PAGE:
In my opinion, in a best case scenario, after diamond prices have appreciated by 10%, you could maybe find someone to buy your diamond for 90, leaving you with a loss of 28% (125-90=35 total loss 35/125 = 28% loss).
If you try and sell your diamond immediately after purchasing it, then your best case would be selling your diamond for 80 or a loss of 36%. Again, this is in an absolute best case scenario buying from bricks & mortar.
Below are the benefits of selling a diamond purchased online:
One major advantage for online retailers are their policies. They offer full refunds for 30 days. They also offer a lifetime upgrade policy. Buying online obviously makes selling a diamond much easier. Your cost basis is lower (so it will be easier to recoup your money if you need to sell on the open market) and the retailers give you options for returning and upgrading (so you retain full value for the ring). Upgrading your diamond through a typical retailer usually does not give you the value you would expect.
We have used this term a few times, but the truth is, there really is no clear definition of what this means. Already in this guide, you can see that there's a difference between a consignment price, a cash price, or a price with generous payment terms.
There are also "call prices" (the price a shop will pay when they "call" a dealer with a specific request to sell to a customer who is ready to buy this particular item) and "business prices" (a lower price negotiated when many diamonds are bought together).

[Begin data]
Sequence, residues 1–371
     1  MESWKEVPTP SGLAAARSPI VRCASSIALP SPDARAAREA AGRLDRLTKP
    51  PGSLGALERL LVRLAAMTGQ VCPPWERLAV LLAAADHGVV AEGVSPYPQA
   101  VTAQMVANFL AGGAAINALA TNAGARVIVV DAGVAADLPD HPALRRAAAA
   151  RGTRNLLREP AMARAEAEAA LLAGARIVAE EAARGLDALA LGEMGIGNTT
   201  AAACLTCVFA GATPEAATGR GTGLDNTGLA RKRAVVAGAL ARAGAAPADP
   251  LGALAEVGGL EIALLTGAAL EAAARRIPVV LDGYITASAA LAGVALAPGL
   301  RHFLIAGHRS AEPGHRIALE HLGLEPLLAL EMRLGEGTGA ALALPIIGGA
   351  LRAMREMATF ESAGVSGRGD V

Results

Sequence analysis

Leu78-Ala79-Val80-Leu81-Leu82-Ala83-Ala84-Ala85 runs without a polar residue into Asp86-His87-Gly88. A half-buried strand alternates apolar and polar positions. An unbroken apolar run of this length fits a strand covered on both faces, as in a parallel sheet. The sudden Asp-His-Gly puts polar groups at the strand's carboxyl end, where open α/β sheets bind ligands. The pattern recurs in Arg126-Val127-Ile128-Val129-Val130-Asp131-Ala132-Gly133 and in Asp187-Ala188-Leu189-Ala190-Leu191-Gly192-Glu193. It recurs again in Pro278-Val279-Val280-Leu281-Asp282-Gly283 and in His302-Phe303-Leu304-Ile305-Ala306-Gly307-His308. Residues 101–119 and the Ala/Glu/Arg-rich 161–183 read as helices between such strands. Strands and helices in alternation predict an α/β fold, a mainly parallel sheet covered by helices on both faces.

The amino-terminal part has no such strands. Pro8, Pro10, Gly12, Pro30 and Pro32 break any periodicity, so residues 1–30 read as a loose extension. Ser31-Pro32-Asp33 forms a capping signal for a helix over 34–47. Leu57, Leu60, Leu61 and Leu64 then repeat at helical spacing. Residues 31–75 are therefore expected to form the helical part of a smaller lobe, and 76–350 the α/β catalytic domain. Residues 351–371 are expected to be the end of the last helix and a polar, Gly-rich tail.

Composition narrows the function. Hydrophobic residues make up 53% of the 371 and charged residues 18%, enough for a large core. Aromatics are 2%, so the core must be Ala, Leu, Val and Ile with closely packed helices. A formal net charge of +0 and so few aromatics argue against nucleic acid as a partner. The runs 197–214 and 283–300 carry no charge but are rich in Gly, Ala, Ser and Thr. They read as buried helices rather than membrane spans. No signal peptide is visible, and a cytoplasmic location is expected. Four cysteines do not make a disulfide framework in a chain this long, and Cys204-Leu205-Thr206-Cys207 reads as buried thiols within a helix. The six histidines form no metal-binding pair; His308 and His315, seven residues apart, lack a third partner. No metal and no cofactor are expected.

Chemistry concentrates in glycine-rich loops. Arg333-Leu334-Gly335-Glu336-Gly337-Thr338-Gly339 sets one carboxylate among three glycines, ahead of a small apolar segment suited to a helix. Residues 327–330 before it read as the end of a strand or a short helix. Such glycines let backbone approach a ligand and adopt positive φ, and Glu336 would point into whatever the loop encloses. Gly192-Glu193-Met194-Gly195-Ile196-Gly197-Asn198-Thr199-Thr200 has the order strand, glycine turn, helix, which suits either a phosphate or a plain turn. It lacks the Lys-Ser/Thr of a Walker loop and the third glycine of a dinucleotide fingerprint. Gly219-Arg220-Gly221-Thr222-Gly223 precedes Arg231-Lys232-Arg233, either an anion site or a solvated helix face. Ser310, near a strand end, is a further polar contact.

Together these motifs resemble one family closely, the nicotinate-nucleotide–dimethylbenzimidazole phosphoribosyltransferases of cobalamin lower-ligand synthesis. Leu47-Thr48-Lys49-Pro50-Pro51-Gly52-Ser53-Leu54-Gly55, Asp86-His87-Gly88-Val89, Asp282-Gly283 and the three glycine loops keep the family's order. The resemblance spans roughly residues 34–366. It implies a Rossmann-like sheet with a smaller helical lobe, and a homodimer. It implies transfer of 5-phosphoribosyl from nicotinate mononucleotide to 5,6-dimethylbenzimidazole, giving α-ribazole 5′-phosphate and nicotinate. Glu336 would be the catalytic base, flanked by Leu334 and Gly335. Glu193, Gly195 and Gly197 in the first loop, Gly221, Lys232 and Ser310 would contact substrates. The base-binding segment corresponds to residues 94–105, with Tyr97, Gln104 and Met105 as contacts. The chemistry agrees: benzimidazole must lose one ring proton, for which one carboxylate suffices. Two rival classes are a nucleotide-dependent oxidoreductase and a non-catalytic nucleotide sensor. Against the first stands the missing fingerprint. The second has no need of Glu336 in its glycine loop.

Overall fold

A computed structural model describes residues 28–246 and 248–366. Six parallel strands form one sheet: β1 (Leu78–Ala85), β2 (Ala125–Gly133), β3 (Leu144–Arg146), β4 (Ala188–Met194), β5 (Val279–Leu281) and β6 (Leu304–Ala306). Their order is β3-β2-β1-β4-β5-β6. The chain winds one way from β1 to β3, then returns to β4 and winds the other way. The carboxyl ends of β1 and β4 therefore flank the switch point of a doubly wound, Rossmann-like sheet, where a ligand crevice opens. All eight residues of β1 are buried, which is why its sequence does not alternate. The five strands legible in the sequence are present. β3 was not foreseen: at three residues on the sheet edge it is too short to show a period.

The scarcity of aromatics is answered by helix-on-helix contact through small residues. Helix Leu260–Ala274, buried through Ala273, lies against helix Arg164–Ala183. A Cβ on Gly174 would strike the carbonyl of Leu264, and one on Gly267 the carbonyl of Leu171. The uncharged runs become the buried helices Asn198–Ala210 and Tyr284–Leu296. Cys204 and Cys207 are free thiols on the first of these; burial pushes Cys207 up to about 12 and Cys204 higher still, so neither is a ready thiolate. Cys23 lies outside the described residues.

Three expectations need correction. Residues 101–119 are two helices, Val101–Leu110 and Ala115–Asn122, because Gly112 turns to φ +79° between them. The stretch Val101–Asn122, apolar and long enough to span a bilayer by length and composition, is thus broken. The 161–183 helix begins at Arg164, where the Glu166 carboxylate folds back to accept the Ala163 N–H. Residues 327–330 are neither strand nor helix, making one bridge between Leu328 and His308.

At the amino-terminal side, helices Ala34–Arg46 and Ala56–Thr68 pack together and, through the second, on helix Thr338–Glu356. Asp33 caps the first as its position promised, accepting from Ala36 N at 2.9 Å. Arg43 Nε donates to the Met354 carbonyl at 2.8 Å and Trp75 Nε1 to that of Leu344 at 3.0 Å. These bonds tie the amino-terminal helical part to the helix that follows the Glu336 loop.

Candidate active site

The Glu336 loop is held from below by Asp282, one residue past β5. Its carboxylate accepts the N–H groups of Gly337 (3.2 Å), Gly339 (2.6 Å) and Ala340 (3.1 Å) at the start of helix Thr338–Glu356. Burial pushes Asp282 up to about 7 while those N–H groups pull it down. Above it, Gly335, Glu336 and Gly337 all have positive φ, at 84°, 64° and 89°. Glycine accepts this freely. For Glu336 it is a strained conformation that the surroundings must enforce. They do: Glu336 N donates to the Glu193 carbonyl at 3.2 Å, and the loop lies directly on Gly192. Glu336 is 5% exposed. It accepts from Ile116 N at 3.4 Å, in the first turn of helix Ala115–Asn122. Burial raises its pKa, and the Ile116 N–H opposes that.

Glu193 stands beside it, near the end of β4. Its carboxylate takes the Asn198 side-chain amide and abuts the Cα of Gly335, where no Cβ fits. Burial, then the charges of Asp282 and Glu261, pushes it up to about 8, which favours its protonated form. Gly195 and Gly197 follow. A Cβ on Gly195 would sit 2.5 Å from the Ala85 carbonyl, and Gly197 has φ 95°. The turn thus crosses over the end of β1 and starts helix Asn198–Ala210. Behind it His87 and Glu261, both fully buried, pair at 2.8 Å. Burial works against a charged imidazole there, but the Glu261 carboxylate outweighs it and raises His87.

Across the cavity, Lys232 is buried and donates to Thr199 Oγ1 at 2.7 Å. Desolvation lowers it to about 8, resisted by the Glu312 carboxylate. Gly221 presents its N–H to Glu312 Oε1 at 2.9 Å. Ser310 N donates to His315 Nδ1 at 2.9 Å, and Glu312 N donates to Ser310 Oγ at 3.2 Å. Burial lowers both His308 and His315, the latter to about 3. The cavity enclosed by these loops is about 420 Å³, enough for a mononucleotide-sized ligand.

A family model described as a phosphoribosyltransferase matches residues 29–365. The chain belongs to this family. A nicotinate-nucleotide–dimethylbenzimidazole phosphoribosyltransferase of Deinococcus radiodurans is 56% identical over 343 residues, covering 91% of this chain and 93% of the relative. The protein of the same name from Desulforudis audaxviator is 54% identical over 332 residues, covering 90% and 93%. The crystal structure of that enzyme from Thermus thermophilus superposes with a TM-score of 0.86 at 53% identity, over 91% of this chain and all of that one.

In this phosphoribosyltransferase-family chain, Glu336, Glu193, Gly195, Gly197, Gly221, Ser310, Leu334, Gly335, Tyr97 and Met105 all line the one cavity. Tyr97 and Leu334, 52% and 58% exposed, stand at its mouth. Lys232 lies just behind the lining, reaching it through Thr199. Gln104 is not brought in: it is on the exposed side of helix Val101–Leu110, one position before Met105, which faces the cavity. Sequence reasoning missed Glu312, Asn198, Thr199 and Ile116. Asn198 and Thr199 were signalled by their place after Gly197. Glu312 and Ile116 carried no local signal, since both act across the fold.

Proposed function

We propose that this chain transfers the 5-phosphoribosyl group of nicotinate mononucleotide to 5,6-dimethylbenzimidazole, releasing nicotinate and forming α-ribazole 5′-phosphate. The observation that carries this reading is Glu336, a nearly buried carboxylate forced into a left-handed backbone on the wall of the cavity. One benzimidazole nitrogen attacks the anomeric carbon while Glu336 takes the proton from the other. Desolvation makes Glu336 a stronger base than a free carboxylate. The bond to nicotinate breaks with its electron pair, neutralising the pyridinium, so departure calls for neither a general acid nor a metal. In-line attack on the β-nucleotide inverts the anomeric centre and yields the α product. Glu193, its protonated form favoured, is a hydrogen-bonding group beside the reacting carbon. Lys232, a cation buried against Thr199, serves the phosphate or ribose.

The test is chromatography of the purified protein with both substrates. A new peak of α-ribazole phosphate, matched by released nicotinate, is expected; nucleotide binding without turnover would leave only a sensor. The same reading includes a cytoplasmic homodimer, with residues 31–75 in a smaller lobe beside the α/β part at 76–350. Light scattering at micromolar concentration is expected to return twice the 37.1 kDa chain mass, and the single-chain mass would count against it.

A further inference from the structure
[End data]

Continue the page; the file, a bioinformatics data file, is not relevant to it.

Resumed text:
So you see, in reality, a diamond has many different "market prices." The lowest of these is, of course, the "cash price," the price a shop will be willing to pay immediately to acquire a diamond without a customer presently requesting this diamond.
The reason this price is the lowest is because it requires an immediate outlay of capital in exchange for only the hope of a future sale. This involves taking on risk, and risk needs to be rewarded with a higher potential profit, otherwise, it's not worth the cost of taking the risk.
So if your diamond is a less popular cut, or has an nasty inclusion, or is a difficult item for a shop to sell for whatever reason, expect to take a much bigger hit when trying to sell it.
You can sell your diamond and your setting. If you go to most reputable retailers, they'll handle the resale of your diamond and setting. Remember that your setting will be worth the scrap gold price. So, even if you paid $2,500 for a unique setting, it will still be melted down to scrap gold. Why is that? Well, almost everyone wants a specific, custom design. Rather than reusing your ring, a buyer would prefer to have their own design created.
While it is a financial loss to sell your ring for scrap gold, at least you are able to recuperate some of the cost. Most jewellery shops and pawn shops pay approximately 50 cents for every dollar of scrap gold value. If the value is $1,000, for example, a shop will offer to buy the ring for approximately $500. Some retailers, however, offer 75 cents for every dollar of scrap value. So, you'd receive $750 for the $1,000 scrap gold value, instead of $500.
Cash prices are all about the risk of having your diamond sit in the shop shelves for years ahead, the more likely that is to happen, the less a shop is going to be willing to pay for it.